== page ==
Foreclosure numbers are falling in NH, but plenty of problems still exist

The foreclosure numbers are looking better these days, but that doesn’t mean the property crisis that helped cause the Great Recession is over in southern New Hampshire.

“Sadly enough, we’re seeing more people coming through our doors for counseling,” said Paul McLaughlin, home ownership program manager for NeighborWorks Southern NH, which counsels homeowners facing foreclosure. “The last three months of 2013, we saw 75 percent the number of clients that we had seen the whole previous 12 months.”

Raw numbers indicate that things are getting better. The number of foreclosures, residential and commercial, recorded at the Hillsborough County Registry of Deeds office fell by almost one-third last year, after falling about 10 percent in 2012.

“That doesn’t account for all the people out there who haven’t hit that point yet – who are about to go delinquent, because they lost a job, had a death in the family, or some other factor,” McLaughlin said. “We’re also seeing more people that have already tried at least once or twice to work with their lender without success, or people that actually did get a (loan) modification but found it wasn’t enough.”

And while the subprime situation has largely worked its way through the system, he added, “We do occasionally see somebody with a subprime loan who is just starting to deal with it.”

Greater Nashua is still seeing a lot more foreclosures than it did in the boom years, however. Hudson, for example, saw 15 percent more foreclosures in 2013 than in 2007, the year that foreclosures first began to climb as an early sign of the subprime mortgage crisis. Merrimack had 44 percent more foreclosures than in 2007.

In Nashua, foreclosures have fallen almost back to the level of 2007, although that’s partly a reflection of the fact that the region’s urban areas were hit earlier by the subprime crisis than more rural areas.

Part of this improvement is undoubtedly because of the economy, but it may also reflect efforts like those of NeighborWorks that stem from New Hampshire’s share of a $10 billion settlement reached by the federal government with five banks (Bank of America, Citigroup, GMAC, JPMorgan Chase and Wells Fargo) whose lending practices contributed to the foreclosure crisis.

New Hampshire received $43.6 million from that settlement.

“Most of the money went directly from banks to consumers in the form of principal reduction and interest rate reduction,” said James Boffetti, senior assistant attorney general in charge of consumer affairs.

Boffetti said that $19 million was earmarked to pay banks to reduce the principal – that is, the amount of money still owed – on New Hampshire home loans facing foreclosure. Actual principal reduction has been much greater, he said: “I think that figure’s going to come in around $60 to $70 million – although that has still to be verified by the national monitor.”

Another $9 million or so has been used to reduce the interest rates on New Hampshire home loans, he said, while about $6.5 million was paid out directly to some 4,400 homeowners in the form of checks for $1,480 each.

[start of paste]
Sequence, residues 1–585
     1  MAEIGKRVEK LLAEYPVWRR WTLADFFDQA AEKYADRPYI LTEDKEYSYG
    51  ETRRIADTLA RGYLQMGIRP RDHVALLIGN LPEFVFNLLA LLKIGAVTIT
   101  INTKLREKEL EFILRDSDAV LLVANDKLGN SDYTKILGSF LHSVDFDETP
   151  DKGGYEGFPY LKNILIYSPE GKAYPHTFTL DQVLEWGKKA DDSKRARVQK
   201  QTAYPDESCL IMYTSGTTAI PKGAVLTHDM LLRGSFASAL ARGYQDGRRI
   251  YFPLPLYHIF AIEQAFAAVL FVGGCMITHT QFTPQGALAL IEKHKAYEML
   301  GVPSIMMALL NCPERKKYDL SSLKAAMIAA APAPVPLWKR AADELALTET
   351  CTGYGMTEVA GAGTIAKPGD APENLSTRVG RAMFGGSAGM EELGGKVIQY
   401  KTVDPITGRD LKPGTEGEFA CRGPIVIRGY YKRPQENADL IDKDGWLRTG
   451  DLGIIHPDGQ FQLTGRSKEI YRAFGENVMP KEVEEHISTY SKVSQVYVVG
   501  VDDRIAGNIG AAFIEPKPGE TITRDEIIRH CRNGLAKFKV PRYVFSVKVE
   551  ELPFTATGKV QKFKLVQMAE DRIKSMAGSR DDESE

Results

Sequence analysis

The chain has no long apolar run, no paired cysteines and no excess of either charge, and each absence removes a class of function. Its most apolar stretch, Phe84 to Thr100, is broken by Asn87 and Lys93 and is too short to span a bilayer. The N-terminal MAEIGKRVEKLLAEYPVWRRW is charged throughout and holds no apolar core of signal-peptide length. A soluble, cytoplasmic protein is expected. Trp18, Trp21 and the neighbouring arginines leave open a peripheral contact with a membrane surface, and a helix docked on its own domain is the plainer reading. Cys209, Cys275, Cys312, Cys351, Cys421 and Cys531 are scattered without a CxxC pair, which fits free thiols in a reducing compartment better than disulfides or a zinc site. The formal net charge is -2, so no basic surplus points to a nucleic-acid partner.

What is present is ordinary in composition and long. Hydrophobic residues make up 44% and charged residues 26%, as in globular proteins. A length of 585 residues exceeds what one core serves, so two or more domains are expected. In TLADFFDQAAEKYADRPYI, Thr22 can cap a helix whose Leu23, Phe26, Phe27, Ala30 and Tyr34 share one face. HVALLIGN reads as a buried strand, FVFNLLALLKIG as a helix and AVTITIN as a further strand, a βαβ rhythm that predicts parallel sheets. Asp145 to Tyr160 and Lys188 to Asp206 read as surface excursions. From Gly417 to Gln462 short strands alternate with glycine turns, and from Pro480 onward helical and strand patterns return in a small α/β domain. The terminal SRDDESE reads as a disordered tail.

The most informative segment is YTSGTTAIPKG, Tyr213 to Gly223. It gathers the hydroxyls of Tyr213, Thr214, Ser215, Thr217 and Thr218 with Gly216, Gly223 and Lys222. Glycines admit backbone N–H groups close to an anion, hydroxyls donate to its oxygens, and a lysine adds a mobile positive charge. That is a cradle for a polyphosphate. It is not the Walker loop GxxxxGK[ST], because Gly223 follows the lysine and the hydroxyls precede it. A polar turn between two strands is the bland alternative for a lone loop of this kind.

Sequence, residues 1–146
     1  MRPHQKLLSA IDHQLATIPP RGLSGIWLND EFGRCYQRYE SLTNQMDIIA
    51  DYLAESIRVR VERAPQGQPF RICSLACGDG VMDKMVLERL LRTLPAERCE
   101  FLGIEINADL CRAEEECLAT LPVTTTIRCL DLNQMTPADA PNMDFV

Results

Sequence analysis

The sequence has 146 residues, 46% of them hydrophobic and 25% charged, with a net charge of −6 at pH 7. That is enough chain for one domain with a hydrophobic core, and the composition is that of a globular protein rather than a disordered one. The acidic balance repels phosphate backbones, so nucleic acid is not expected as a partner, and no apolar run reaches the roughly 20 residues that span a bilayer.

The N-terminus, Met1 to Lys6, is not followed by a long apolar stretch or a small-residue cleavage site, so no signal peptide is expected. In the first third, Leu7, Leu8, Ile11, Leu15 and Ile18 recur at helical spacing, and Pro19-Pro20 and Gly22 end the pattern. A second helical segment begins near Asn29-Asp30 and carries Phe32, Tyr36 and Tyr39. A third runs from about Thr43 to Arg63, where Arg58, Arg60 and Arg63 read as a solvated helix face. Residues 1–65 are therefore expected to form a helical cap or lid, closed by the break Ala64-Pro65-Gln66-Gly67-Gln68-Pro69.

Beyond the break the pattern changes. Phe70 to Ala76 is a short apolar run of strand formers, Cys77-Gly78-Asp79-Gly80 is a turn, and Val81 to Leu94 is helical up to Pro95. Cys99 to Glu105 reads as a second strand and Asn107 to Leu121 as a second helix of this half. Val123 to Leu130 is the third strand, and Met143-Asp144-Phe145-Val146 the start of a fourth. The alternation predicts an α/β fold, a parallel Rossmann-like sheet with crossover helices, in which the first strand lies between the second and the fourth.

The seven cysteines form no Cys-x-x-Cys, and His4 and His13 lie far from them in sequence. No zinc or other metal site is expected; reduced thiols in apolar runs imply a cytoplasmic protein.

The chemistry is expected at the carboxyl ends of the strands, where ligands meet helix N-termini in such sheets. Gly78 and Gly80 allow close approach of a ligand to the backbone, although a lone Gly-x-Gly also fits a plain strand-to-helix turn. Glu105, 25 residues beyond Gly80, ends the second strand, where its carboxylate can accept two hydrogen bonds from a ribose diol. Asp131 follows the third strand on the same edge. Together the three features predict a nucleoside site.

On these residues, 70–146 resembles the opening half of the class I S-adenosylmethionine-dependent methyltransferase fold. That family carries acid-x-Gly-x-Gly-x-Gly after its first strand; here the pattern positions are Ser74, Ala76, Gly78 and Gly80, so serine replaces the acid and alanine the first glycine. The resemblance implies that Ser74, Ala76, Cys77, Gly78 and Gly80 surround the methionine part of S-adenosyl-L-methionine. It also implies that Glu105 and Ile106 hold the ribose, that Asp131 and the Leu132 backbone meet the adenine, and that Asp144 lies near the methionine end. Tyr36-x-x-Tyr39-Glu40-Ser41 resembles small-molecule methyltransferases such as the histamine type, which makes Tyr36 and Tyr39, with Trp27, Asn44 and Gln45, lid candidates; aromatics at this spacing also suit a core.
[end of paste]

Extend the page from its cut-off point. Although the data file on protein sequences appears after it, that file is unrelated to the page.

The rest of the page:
New Hampshire appears to be ahead of the national trend in the category of direct payments. A report by Huffington Post last week said that as of January, more than 730,000 settlement checks to homeowners, worth a total of $600 million, from the foreclosure settlement have not been cashed, many because the affected homeowners can’t be found, and questions have been raised about the effectiveness of the consulting firm hired by the Office of the Comptroller of the Currency.

Another $10.5 million from the settlement is being used for indirect aid, said Boffetti, including:

About $3.5 million of that is paying eight housing counseling services like NeighborWorks, which works in Nashua and Manchester, as well as the statewide 2-1-1 service, which provides a single phone number for homeowners begining to seek aid.

This counseling program, known under the umbrella term HomeHelpNH, has been going on for about a year and will continue for two more.

In its first year, Gov. Hassan reported last week, it “assisted over 800 at-risk homeowners” to make their mortgages current, modify their mortgage, or even sell their properties.

“That’s the first question we ask: Do you want to keep the house?” McLaughlin said. “For some people, just guiding them through the short sale process, rather that having them just walk away (from the loan), is a big benefit.”

People who are facing foreclosure can find out what help is available by calling 2-1-1 or visiting

About $3.5 million for legal services from the Legal Advice Referral Center and other groups. This is designed to give people free or low-cost legal help in dealing with the complexity of banks’ demands. That program is still going on.

The remainder of the money being used to set up a financial fraud unit in the attorney general’s office that will operate for at least four years and to create an integrated consumer complaint database.

The database will allow different state agencies that receive or deal with complaints about foreclosures to “more efficiently share complaint information,” Boffetti said.

As McLaughlin noted, complaints are likely to continue.

“We hear the stories all the time: my documents got lost, they changed my contact (information), things like that. That’s where people need help … from experienced counselors,” he said.

David Brooks can be reached at 594-6531 or dbrooks@nashua Follow Brooks on Twitter (@GraniteGeek).